Long Island hospitals are racing against the clock, frantically trying to add thousands of beds to accommodate the rapidly growing number of COVID-19 patients that experts fear could soon overwhelm the system.
Hospitals have opened emergency triage centers, canceled elective surgeries and plan to convert sleeping quarters, cafeterias and lobbies to add space for patients.
"We know that the apex of this pandemic storm is likely to occur within 14 to 21 days," Carol Gomes, chief executive of Stony Brook University Hospital, said in a Facebook podcast Wednesday. "We are talking about two to three weeks. That's the amount of time we have to get this work done."
New York State, which tops the nation with more than 30,000 confirmed coronavirus cases, has 53,000 available hospital beds, including 4,000 in intensive care units, Gov. Andrew M. Cuomo said Wednesday.
Those numbers, Cuomo said, are insufficient to handle the influx of patients likely to inundate hospitals across the state. Cuomo wants hospitals to boost their capacity by 50% to 100%, which would potentially create 32,000 beds. In total, the state needs space for 140,000 patients, including 40,000 ICU beds with ventilators, the governor said.
"Now is the time to be aggressive and do things you've never done before," Cuomo said.
Nassau, which has nearly 3,300 coronavirus cases, has about 4,000 hospital beds, which would need to grow to 6,000 to meet Cuomo's request, according to the County Department of Health.
Suffolk, with 2,260 cases, originally had beds for 2,300 hospital patients but has since grown its capacity to 2,646, according to county spokesman Derek Poppe. That figure would need to grow to 3,450 to meet the 50% target.
Stony Brook plans to increase its capacity by 50% over the next four weeks and 100% — as many as 1,300 beds in total, including 235 in the ICU — over the next 10 weeks, said spokeswoman Lauren Sheprow. Before the spread of COVID-19, the hospital was certified for 624 beds but was staffing 588 beds based on patient demand.
Stony Brook opened a mobile triage center in its south parking lot Monday to separate COVID patients from those who may not need to use the main emergency department, according to Dr. Josh Miller, who runs the new facility.
Northwell Health has 5,550 beds across its health system, which includes 19 hospitals on Long Island, New York City and Westchester, said spokesman Terry Lynam. But roughly 1,500 beds are in units such as maternity, neonatal and psychiatry that cannot be used for COVID patients, he said.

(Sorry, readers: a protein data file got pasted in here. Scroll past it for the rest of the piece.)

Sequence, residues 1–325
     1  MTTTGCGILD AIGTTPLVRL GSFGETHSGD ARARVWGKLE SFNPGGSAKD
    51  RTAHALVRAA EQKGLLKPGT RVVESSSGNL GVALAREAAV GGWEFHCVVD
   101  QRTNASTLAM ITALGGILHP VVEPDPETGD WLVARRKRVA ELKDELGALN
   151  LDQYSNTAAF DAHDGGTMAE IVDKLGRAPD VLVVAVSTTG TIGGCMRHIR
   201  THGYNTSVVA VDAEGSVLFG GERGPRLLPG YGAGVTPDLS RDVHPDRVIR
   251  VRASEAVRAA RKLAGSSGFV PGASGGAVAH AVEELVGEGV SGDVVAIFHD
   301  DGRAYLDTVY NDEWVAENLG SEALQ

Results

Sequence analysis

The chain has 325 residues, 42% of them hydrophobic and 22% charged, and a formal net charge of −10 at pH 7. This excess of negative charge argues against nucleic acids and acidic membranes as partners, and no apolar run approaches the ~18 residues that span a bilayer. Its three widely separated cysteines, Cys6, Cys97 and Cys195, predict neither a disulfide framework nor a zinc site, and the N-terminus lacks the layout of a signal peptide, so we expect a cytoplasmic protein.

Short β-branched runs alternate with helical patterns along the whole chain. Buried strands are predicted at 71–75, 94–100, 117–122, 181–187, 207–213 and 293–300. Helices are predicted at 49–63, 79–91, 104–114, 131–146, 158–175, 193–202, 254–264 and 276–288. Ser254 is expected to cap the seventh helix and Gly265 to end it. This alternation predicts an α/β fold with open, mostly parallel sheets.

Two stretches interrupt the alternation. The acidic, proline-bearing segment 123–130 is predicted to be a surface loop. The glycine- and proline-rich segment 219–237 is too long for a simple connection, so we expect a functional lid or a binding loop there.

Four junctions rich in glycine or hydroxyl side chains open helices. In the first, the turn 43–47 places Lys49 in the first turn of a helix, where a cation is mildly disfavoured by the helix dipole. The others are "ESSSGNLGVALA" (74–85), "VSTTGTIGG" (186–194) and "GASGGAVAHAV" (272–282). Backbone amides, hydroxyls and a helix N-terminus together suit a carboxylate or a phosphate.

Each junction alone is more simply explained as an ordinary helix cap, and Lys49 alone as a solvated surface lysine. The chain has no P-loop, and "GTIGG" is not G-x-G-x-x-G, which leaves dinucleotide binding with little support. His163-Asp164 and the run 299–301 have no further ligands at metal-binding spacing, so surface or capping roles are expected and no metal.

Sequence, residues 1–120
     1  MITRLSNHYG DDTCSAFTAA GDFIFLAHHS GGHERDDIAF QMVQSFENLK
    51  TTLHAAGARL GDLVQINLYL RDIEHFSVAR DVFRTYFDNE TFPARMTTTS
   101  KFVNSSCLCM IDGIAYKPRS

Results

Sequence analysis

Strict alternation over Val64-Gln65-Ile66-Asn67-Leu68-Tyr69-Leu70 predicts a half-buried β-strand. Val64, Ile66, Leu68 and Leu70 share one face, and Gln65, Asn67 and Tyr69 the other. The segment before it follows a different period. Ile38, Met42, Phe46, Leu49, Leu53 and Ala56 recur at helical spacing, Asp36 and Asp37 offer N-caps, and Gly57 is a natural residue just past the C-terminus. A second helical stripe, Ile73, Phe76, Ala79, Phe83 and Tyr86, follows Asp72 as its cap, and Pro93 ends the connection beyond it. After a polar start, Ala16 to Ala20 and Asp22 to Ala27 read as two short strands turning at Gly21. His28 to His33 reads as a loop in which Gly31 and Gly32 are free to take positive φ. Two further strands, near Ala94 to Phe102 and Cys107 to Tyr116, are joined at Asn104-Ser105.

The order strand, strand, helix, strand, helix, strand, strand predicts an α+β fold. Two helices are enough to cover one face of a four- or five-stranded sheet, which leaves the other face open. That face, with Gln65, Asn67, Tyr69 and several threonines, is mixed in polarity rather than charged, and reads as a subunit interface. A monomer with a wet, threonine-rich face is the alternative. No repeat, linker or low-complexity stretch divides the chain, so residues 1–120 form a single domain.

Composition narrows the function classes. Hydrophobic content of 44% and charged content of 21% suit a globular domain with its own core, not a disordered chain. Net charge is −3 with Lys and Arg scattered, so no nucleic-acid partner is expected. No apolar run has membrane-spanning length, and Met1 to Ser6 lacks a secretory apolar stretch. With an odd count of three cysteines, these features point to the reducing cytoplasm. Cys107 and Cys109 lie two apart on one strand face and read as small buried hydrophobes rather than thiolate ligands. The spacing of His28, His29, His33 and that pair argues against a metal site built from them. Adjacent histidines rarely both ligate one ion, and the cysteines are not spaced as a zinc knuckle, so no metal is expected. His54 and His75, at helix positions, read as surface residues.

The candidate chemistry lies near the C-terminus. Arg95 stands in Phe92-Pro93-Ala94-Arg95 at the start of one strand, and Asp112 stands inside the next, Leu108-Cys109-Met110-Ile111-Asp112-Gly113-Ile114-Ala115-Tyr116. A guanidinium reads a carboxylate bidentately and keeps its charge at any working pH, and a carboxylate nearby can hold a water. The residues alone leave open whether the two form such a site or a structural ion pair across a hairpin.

Northwell, which is currently treating 1,000 COVID cases, has identified 1,374 additional beds that can be used to boost capacity, Lynam said.
The health system could create space for about 1,350 more patients by converting operating rooms, laboratories, endoscopy units and public spaces such as cafeterias, lobbies and administrative offices — for a potential capacity of 6,381, he said.
"It's very challenging to try and find the space," Lynam said. "But the biggest challenge is finding the staff to handle the surge."
Northwell, which employs 17,000 nurses and 4,500 physicians, has put out requests for recent retirees and per-diem staffers, along with using staffing agencies, to boost its ranks.
Long Island Community Hospital in Patchogue, a 200-bed facility, has seen 45 COVID patients but is seeking to more than double its capacity to accommodate up to 415 patients, with an additional 50 beds for critical care, said spokeswoman Katherine Heaviside.
Mount Sinai South Nassau Hospital in Oceanside, which has more than 100 COVID cases, has launched plans to increase its capacity from 343 to 515, said spokesman Joe Calderone. One conference room was transformed into an oncology and infusion center, while another hosts 22 bunk beds where medical residents can rest in between their rounds, he said.
“We are looking at every nook and cranny in the hospital” to create more space, Calderone said.
NYU Winthrop Hospital in Mineola has identified space, including surgical units that were previously used for elective surgeries and sections of the cafeteria, to increase its 511-bed capacity by 50%, said Dr. Joseph Greco, chief of hospital operations.
“We’ll increase bed capacity in stages, as needed," said Greco, adding that the hospital Friday plans to open a 13-bed unit in converted conference space.
Catholic Health Services, which operates six hospitals in Nassau and Suffolk, plans to add nearly 1,000 beds to its current 1,928-patient capacity, said Patrick O'Shaughnessy, the system's chief clinical officer.
Among the ideas, he said, is repurposing the "post-anesthesia care unit as additional potential sites for COVID-19 surge treatment areas."